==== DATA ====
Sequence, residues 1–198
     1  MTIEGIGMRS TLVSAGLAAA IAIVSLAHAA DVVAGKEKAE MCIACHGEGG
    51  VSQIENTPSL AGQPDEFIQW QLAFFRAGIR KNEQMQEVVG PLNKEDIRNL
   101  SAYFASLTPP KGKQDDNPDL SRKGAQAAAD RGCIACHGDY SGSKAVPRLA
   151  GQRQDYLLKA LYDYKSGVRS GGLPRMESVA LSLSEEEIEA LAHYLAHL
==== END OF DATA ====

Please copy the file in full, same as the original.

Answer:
Sequence, residues 1–198
     1  MTIEGIGMRS TLVSAGLAAA IAIVSLAHAA DVVAGKEKAE MCIACHGEGG
    51  VSQIENTPSL AGQPDEFIQW QLAFFRAGIR KNEQMQEVVG PLNKEDIRNL
   101  SAYFASLTPP KGKQDDNPDL SRKGAQAAAD RGCIACHGDY SGSKAVPRLA
   151  GQRQDYLLKA LYDYKSGVRS GGLPRMESVA LSLSEEEIEA LAHYLAHL